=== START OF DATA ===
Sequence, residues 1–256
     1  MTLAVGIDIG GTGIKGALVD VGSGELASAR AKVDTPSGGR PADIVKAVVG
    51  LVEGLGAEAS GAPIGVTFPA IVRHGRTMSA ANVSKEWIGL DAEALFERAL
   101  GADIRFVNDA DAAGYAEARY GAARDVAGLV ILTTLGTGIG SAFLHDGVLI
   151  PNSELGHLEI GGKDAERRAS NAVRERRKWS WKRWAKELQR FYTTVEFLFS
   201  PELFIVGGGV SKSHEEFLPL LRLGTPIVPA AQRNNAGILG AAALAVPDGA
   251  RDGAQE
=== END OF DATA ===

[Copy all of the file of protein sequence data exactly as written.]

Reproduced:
Sequence, residues 1–256
     1  MTLAVGIDIG GTGIKGALVD VGSGELASAR AKVDTPSGGR PADIVKAVVG
    51  LVEGLGAEAS GAPIGVTFPA IVRHGRTMSA ANVSKEWIGL DAEALFERAL
   101  GADIRFVNDA DAAGYAEARY GAARDVAGLV ILTTLGTGIG SAFLHDGVLI
   151  PNSELGHLEI GGKDAERRAS NAVRERRKWS WKRWAKELQR FYTTVEFLFS
   201  PELFIVGGGV SKSHEEFLPL LRLGTPIVPA AQRNNAGILG AAALAVPDGA
   251  RDGAQE